Tony Cunningham ISC is presented with Olympic Executive Masters at OCI
Tony Cunningham ISC performance team was presented with his Olympic “Executive Masters in Sports Organisation Management” Diploma this morning at Olympic House in Howth by OCI Chief Executive Stephen Martin.
The “International Executive Training Courses in Sport Management” scholarship provided funding for the research together with tuition fees, manuals and a travel subsidy to teaching modules.
Tony in addition to completing his research project, also attended four teaching modules in
- Lausanne, Switzerland from Sunday 5th September to Sunday 12th September 2010
- Nairobi, Kenya from Sunday 16th January to Sunday 23rd January 2011
- Paris, France from Sunday 17th April to Sunday 24th April 2011
- Lausanne, Switzerland from Tuesday 6th September to Saturday 10th September 2011.
Background: The Irish Sports Council is the statutory agency charged with the development of sport in Ireland since its legal establishment in 1999. Its two overarching aims are to increase participation in sport and to support elite athletes to achieve their potential in international competition. The focus of this study was on the latter of high performance and in particular its two main funding streams within this, the International Carding Scheme which directly funds athletes and Programme funding which funds National Governing Bodies (NGBs) of sport to run their high performance programmes. The budget for the Carding Scheme is allocated based on athletes achieving criteria while Programme funding is allocated based on assessments of performance plans. The potential problem is that these both come from the same budget with the rigid nature of the Carding Scheme possibly undermining the availability of investment for Programme funding, especially in recessionary times of declining availability of resources.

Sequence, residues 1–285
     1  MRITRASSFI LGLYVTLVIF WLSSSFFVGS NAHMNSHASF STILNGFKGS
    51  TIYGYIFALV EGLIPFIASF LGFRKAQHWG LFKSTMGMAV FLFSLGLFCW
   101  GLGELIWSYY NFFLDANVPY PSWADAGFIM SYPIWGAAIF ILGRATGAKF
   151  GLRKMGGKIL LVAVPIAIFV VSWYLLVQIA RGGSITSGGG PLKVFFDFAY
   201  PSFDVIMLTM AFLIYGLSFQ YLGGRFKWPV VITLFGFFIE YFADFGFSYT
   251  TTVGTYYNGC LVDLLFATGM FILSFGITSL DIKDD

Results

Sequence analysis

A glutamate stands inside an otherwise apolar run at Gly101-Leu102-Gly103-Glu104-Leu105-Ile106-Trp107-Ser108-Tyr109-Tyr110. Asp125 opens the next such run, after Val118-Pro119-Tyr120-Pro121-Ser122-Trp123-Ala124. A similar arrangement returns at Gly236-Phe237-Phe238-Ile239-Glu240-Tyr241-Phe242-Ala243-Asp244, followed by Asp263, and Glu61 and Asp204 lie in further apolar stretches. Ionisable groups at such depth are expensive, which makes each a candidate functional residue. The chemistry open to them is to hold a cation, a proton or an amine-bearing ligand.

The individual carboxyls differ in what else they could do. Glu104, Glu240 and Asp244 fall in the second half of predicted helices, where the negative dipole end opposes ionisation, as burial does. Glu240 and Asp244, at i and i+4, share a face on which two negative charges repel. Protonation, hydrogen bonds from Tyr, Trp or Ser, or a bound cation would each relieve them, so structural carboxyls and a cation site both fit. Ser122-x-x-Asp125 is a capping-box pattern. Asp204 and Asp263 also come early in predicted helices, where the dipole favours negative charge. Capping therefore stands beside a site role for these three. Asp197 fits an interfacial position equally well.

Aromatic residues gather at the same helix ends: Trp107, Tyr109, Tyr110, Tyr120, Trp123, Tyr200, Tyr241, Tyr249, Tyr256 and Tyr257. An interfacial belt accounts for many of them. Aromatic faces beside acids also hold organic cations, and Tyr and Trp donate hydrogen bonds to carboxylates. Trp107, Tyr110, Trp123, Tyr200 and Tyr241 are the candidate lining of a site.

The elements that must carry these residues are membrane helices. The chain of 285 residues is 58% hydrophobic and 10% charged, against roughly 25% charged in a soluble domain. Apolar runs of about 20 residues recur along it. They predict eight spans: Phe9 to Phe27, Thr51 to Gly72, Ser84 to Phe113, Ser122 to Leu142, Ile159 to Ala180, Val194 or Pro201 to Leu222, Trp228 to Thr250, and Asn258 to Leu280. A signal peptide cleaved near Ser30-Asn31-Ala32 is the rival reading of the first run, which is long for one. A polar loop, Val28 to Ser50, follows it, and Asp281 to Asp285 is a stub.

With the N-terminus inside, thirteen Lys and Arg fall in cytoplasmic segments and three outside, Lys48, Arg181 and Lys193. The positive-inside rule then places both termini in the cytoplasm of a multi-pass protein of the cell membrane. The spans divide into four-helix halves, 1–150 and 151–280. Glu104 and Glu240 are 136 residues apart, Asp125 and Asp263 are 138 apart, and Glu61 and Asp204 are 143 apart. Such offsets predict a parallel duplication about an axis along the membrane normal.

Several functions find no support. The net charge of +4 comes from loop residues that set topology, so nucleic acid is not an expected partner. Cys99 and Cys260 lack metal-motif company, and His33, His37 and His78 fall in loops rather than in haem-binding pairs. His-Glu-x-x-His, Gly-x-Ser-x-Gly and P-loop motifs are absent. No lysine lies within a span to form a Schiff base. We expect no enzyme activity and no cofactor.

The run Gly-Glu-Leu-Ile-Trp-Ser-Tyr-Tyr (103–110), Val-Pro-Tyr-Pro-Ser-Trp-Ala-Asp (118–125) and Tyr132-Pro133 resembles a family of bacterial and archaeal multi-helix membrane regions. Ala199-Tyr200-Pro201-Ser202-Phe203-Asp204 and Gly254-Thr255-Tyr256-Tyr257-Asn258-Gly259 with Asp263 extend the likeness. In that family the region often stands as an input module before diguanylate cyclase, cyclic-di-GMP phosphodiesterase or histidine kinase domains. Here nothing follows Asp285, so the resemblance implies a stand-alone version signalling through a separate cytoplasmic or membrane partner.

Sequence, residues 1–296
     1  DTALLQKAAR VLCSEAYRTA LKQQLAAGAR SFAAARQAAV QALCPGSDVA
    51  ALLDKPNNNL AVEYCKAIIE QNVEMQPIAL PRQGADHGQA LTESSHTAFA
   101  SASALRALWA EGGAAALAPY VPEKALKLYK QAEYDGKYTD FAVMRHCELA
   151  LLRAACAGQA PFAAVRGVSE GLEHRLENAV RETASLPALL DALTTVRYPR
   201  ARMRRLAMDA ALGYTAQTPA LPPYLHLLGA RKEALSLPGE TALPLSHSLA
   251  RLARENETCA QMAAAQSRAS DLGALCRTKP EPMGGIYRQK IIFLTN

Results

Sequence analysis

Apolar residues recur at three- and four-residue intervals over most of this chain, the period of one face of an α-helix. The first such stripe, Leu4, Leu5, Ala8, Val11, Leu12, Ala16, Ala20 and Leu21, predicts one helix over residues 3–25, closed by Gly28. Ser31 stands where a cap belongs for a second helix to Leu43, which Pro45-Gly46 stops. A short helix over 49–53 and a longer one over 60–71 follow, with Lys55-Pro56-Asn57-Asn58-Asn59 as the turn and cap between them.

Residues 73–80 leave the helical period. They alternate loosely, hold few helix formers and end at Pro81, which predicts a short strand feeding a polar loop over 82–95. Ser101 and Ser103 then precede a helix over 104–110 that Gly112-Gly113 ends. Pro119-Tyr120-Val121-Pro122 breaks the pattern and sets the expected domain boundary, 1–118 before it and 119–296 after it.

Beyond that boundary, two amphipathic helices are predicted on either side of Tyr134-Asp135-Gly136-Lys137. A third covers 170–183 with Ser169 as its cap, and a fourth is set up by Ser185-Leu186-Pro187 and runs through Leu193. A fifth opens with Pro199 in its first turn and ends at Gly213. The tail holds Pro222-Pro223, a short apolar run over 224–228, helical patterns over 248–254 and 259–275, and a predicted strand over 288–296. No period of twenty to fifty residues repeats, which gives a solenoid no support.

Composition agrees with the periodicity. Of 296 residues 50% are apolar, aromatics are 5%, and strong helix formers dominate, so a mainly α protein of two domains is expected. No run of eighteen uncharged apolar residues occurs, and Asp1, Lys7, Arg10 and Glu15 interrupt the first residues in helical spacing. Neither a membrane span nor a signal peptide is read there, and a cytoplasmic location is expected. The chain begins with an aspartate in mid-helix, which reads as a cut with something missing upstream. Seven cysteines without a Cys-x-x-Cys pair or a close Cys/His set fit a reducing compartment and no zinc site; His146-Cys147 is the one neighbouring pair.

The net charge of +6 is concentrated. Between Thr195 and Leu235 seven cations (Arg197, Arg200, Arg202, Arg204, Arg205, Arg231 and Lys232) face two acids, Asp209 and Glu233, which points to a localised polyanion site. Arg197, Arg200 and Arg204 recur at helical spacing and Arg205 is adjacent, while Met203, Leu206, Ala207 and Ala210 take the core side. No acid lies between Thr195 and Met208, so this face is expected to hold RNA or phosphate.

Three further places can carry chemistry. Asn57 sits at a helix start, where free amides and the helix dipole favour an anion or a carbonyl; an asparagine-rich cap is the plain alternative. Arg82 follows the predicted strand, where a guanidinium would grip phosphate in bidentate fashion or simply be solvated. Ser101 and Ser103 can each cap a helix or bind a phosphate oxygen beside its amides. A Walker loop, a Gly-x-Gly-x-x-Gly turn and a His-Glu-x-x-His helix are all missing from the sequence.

Aim: To better understand the impact that high performance funding has had on performance in the last decade, particularly the relative contributions of the two streams of funding.
Literature: The high performance literature has traditionally focused on macro level factors such as population, GDP etc. but there has been a trend in the last ten years to try and understand better the factors that affect high performance at the policy or meso level but mainly concentrate on transnational comparisons. This study sits at the meso level but seeks to identify factors specific to the Irish context.
Methodology: There were limitations to data available and these were from different sources and subsequently different in nature. The study was exploratory by design and a mixed methods approach was used to achieve its aim. A Pearson’s correlation was used to measure the relationship between funding and performance. A logic model was designed to evaluate the Carding Scheme. A synthesis of the findings of previous high performance reviews was conducted to identify factors related to performance planning. These were all examined together on a sport by sport basis to give a deeper insight into the critical success factors for high performance in Ireland.
Results: There was a positive linear correlation between funding and performance with higher levels of funding associated with increased performance and vice versa. 44% of the variance of each variable can be explained by the other. Findings from the Carding Scheme reveal 12% of youth athletes will progress to senior level. One third of athletes drop off the scheme every year with 40% only everlasting one year. The review of performance planning shows that there are still issues between professionals and volunteers in the NGBs mainly through a lack of clarity around roles and responsibilities. The sport analysis revealed that a number of sports have performed better than others. The critical success factors identified were strong leadership and good governance structures.
Conclusions: The funding that the Sports Council has allocated in the past decade has had a positive influence on performance with the two streams interacting in this contribution, they should therefore not be treated as independent entities where possible. NGBs are all at different stages of development and this should be reflected in a sport pathway, similar to the athlete pathway were progression is monitored closely and resources allocated accordingly.